Winner of the 2007 Frank O'Connor International Short Story Award.
In her remarkable stories of seemingly ordinary people living extraordinary lives, Miranda July reveals how a single moment can change everything. Whether writing about a middle-aged woman's obsession with Prince William, or an aging factory worker who has never been in love, the result is startling, sexy, and tender by turns. One of the most acclaimed debuts of recent years, Miranda July is a brilliant new voice in fiction.
©2007 Miranda July (P)2010 Canongate Audiobooks
"Blisteringly good." (Guardian)
"July's inventive tales swing from laugh-out-loud funny to heart-clenchingly sad." (Daily Telegraph)
'These stories are incredibly charming, beautifully written, frequently laugh-out-loud funny, and even, a dozen or so times, profound.' (Dave Eggers)
'Laden with offbeat, emotionally isolated characters...mordantly funny.' (Vogue)
'A magically oddball study of depression, repression, envy, loneliness and aimlessness - and rarely has such a thing been so entertaining.' (Time Out)
'Weird doesn't begin to cover it, but wonderful (in the literal sense of the word, as in full of wonder) does.' (Elle)
'The stories and story-fragments keep just the right amount back; twist into something surprising and disconcerting. They are charming and funny, too.' (Daily Telegraph)
I am an avid listener, with a great passion for all things spoken word, including Hip Hop and Performance Poetry. Vive la difference!
This collection of original short stories covers brave ground in examining themes of love (requited and unrequited), sexual desire and isolation - reworking these familiar literary themes through honest and perhaps somewhat jaded eyes.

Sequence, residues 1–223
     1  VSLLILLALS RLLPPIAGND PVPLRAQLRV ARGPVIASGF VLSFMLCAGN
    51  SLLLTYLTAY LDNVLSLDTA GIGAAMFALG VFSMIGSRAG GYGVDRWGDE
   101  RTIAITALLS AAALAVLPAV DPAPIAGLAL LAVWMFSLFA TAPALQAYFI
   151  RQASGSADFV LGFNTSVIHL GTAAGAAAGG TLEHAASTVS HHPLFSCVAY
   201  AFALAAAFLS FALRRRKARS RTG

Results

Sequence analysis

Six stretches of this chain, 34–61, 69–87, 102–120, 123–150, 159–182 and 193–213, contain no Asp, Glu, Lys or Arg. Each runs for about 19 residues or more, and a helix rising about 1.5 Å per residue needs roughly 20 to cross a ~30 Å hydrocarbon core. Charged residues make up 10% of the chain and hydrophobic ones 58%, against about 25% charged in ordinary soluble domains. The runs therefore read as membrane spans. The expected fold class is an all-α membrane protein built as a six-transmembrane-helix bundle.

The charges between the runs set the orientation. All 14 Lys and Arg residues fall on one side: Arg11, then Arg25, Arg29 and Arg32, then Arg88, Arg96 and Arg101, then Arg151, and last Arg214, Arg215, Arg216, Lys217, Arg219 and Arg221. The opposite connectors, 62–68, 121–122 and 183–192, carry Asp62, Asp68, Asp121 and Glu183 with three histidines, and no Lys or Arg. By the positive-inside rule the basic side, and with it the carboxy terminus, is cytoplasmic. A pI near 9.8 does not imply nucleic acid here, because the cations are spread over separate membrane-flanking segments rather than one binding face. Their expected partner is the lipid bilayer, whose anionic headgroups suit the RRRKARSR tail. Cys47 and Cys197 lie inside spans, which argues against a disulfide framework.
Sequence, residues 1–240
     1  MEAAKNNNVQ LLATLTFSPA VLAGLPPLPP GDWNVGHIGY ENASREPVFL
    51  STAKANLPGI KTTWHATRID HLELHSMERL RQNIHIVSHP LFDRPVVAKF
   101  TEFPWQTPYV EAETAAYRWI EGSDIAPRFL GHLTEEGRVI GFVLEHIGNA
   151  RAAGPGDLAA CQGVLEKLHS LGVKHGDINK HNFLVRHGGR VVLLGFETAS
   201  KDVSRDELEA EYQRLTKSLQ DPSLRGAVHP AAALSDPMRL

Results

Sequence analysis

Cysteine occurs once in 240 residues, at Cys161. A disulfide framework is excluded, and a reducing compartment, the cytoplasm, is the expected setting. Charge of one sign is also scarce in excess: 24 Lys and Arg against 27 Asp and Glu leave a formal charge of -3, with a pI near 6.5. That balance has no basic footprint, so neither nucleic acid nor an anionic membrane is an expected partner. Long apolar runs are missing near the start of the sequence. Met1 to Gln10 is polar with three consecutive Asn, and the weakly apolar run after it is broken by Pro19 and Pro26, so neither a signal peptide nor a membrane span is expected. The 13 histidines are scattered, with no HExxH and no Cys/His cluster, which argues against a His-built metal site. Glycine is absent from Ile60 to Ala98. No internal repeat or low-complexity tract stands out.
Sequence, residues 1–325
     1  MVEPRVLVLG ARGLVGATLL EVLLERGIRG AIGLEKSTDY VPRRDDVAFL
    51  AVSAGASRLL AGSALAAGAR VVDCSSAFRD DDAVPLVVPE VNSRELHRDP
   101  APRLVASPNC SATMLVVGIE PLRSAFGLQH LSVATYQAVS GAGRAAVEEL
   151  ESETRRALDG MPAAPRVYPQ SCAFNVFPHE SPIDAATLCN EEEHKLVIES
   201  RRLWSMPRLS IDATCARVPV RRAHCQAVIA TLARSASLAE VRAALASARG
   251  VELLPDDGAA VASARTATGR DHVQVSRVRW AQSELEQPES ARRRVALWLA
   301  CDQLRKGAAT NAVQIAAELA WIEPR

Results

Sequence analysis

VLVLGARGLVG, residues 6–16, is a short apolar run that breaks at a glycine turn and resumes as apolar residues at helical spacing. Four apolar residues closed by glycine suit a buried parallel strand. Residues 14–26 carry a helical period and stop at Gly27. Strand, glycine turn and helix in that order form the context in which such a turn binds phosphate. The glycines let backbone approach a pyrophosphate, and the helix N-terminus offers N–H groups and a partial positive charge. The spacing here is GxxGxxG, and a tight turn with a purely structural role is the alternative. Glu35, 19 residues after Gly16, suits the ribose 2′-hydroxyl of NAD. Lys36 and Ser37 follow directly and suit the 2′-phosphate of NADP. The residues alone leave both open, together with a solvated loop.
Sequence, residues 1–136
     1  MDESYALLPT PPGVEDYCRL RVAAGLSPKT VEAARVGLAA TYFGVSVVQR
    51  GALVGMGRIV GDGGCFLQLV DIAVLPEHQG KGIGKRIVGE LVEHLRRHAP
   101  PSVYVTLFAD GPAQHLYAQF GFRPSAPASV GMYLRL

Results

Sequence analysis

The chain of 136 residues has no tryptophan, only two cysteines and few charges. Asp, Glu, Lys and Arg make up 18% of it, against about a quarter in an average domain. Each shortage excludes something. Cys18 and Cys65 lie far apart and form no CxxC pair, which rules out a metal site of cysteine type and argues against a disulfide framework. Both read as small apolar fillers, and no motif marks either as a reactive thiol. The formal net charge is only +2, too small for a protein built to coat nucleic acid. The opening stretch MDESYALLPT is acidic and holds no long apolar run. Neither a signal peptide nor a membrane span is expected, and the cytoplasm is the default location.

Celebrated performance artist, director and writer Miranda July has arguably created a collection here deserving of as much critical acclaim as her beautiful film 'Me and You and Everyone We Know' (2005). Like the film, this compilation tackles difficult and awkward subjects with a sensitive, sometimes touching and always frank tone. Due to this frankness, listeners of a sensitive disposition should be warned that there is sometimes powerful language and sexual/deviant themes in some of the stories, although it doesn't seem contrived/shock-value in the context of these plots - the majority of them first-person monologues.
July reads these stories with the heartfelt voice-cracking earnestness that they deserve, although a listener can't help but feel that she may have a mischievous twinkle in her eye or tongue firmly in-cheek at the same time.
Especially important listening for anyone experiencing an existential crisis, or even those who wish to understand the nature of the world and the private/hidden lives of those around them a little better.
Will read anything within reason.
Miranda July is clearly the woman for whom the word ditsy was invented. These slight stories, read out in the sort of dead pan American voice that is desperately trying to make them sound interesting, are really just random streams of consciousness with no tangible substance. I gave up after the third as I found I had completely zoned out.
A lot of small, well-written stories. So many unusual metaphors, and unusual stories that you really remember in the end. One of the best collection of stories I have ever read (unfortunately though, I mostly read books) and it makes me want to read from her.
Never. Sorry to be so harsh.
My focus was on trying to find some small facet of the story that I could latch on to, to maintain my rapidly diminishing interest. Didn't pay too much attention to the way it was being read.
You can write dull books about interesting subjects, and fascinating books about the banal. But this was a very boring book about a terminally uninteresting subject. I fully appreciate that I'm the worst kind of critic, writing a review having listened to about 5% of the whole book. Bear in mind, I'm not getting paid for this, and that it's also a stinker of a book.
Prof of Global Health & Development - wide interests, fiction & non-, politics, justice & rights, culture & food, travel, art & creativity
You gotta laugh... or cry.
These short stories are all quirky, often odd, humorous, or sad. Many are sensual, exploring sexuality, love and friendship. Others are sad, revealing loneliness, isolation and self-doubt.
But... they are all entertaining, engaging, edgy and... worth a listen.
Smart, funny, light
It has all the elements to quickly transport you to the author's story.
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